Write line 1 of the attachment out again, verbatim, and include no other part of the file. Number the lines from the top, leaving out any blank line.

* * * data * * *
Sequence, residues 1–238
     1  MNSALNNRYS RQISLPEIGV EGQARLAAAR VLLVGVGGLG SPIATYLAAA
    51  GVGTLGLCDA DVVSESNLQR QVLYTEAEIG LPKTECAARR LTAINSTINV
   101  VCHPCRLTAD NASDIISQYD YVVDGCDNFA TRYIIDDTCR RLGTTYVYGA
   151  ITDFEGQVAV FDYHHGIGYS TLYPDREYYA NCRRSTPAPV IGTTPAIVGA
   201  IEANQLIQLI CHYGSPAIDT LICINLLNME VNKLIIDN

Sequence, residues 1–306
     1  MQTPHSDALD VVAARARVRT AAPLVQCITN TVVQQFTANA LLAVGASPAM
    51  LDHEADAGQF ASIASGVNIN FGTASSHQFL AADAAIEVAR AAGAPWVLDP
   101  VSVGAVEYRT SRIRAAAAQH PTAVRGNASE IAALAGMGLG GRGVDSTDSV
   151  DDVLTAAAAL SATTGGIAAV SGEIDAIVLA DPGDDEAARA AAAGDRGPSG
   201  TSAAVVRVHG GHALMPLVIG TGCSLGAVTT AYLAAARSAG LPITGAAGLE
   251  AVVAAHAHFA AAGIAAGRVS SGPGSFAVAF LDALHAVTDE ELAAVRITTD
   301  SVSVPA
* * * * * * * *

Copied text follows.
Sequence, residues 1–238